Standard Billing Records
This is produced by the 'Communications Service Provider' (CSP, such as T-Mobile), which is essentially the air-time provider with whom the customer is contracted.

This information is derived from the wholesale billing systems of the mobile network operator (the accuracy of which are independently certified by the British Approvals Board for Telecommunications, BABT), which gives the service provider the date and time of each call, the number called and the duration of the communication. The service provider will manipulate this data to meet his own billing format, taking into account any loyalty discounts and customer rates/tariffs associated with any contract.

The customer will receive a bill from the CSP - either in hardcopy or electronic format - illustrating the time and date of each call, the number dialled, the durations for each and the overall cost.

For such material to be produced as an evidence exhibit for court proceedings, it will be necessary for the CSP to serve the submissions with a certified Witness Statement - commonly referred to as a 'Section 9 Statement'.


Call Detail Records (CDRs)
This information is available only from the mobile network operators and shows the information from the wholesale handset bill plus information concerning the routing of telecommunications data/traffic.  Due to the specialist nature of this material, and privacy concerns, such data will often only be disclosed once the CSP has been served with an order of the court or when a bona-fide legal requirement has been identified (i.e. authoritative police service sign-off or following defence solicitor instructions).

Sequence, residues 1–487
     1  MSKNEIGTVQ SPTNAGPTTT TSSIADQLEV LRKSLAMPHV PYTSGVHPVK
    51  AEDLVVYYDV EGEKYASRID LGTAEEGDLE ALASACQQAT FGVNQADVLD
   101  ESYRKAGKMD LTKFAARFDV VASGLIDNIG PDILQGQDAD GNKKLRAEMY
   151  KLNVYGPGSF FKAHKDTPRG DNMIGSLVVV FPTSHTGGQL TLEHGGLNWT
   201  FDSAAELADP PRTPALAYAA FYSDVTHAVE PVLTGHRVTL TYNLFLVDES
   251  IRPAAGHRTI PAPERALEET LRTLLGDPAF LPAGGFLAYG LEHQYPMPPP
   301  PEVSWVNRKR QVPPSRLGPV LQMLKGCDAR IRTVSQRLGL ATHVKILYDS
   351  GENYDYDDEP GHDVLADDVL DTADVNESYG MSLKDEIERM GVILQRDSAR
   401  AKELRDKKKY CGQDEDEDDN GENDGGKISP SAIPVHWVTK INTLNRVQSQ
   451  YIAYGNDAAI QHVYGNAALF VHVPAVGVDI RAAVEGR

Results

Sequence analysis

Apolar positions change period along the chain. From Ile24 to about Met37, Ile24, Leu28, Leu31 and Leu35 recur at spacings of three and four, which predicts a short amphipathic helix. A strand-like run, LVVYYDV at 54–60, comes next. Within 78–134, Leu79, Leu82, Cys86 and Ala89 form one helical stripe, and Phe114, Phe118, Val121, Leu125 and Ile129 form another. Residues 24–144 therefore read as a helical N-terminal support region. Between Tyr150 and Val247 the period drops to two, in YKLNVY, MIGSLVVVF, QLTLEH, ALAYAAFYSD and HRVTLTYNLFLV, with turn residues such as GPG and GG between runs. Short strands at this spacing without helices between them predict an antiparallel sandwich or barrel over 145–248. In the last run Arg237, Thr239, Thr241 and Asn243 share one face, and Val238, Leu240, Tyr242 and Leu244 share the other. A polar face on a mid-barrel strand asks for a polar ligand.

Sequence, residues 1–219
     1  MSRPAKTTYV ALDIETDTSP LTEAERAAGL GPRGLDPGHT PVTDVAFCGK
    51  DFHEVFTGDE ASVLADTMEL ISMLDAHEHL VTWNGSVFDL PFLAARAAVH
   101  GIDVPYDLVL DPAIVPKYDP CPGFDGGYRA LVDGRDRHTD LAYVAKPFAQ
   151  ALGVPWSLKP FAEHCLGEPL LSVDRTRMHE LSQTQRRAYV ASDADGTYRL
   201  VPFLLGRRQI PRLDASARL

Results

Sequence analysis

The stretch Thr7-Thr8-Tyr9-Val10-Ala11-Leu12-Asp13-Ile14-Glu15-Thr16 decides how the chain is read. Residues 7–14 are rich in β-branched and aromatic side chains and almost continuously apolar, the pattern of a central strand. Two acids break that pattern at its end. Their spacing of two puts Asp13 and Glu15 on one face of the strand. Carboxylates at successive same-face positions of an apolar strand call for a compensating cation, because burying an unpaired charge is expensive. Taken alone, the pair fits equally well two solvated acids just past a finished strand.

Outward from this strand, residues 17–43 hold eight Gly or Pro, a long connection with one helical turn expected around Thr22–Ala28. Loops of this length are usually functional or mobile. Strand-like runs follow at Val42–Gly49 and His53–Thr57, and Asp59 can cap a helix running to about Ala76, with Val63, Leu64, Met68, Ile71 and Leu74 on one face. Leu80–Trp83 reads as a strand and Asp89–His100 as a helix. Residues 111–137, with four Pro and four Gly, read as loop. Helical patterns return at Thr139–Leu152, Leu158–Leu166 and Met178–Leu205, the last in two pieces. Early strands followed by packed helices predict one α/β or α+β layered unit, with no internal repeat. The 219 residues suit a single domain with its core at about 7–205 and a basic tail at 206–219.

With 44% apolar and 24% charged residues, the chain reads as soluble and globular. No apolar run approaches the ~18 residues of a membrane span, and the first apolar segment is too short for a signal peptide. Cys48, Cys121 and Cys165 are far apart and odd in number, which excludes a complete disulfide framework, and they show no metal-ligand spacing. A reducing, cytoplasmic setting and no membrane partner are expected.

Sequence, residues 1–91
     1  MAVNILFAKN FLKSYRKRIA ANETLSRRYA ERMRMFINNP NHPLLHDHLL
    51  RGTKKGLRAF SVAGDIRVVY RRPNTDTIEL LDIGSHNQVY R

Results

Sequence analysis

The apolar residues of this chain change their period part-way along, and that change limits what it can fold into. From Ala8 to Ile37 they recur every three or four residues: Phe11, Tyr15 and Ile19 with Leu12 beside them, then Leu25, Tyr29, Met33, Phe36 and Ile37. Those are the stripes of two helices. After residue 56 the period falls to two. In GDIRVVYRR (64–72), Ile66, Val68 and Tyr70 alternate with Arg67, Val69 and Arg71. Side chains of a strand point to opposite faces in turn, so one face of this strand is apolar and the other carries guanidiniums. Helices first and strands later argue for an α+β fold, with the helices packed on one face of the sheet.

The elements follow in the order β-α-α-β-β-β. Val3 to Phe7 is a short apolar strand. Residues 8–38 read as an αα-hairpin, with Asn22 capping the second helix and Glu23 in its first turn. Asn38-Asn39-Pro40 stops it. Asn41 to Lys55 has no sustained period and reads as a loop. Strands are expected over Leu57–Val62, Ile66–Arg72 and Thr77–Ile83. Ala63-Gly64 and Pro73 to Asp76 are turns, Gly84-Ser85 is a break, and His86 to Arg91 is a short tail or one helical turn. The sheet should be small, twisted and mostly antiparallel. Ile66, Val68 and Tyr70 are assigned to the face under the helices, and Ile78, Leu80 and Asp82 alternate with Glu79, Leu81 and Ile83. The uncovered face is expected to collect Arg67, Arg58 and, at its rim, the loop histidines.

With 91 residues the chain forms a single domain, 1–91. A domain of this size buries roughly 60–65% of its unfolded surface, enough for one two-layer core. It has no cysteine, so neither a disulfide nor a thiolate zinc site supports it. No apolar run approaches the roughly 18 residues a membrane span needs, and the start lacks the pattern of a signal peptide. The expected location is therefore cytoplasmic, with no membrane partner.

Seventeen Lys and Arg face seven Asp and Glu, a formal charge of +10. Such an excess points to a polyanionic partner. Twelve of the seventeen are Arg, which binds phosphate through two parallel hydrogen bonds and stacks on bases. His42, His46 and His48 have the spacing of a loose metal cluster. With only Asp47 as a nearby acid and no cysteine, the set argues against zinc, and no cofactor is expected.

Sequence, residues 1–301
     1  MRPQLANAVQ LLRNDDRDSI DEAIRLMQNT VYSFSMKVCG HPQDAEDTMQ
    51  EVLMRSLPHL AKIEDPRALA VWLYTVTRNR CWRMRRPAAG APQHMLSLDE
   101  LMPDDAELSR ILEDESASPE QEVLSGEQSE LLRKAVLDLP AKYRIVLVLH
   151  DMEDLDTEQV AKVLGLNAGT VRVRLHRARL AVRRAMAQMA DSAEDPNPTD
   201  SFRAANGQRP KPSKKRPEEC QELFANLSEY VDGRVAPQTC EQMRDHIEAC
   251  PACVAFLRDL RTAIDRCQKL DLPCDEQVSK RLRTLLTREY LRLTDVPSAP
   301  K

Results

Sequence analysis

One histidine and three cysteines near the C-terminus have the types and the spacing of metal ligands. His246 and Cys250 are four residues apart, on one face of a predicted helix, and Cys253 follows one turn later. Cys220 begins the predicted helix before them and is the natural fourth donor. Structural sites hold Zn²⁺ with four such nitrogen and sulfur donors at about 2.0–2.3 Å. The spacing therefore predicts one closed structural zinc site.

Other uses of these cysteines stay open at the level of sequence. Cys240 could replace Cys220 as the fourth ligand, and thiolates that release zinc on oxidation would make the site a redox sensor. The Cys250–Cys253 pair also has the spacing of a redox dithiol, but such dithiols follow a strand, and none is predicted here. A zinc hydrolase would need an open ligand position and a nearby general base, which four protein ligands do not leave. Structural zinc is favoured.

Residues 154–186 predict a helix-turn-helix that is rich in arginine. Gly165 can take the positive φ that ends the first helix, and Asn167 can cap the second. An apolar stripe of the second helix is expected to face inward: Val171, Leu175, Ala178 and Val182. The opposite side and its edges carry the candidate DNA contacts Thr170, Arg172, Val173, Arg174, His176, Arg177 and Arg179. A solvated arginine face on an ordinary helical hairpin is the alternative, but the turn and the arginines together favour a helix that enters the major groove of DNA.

This information is fundamental to each and every case where the accurate attribution of patterns of contact between parties is required.  This data is usually distilled or re-formatted to allow the production of 'Colour Coded Sequence Charts' (CCSC) graphically illustrating the peaks and trends of contact, usually overlaid with a time-line indicating other events of relevance (e.g. schedules of surveillance observations or times and dates directly associated with the offence being investigated).

In accordance with the Data Retention Directive, UK network operators hold this information for between 6 to 12 months, meaning that it is essential to make the application for this data as soon as is practically possible.  We are also experienced to comment upon matters concerning legislation including the 'Data Protection Act 1998' (DPA), 'Communications Act 2003' (CMA), 'Regulation of Investigatory Powers Act 2000 (RIPA)'.

Our analysts can assist in understanding expert evidence; ensuring that the instructing party secures suitable disclosure so that adequate case preparations can be made.

ACK EVIDENCE can assist in detailed and comprehensive assessment of telephone schedules, sequence charts, and billing records.  From testing the overall accuracy, through to distilling thousands of pages of evidence into a few pages of empirical statistics that will allow insight into the evidence.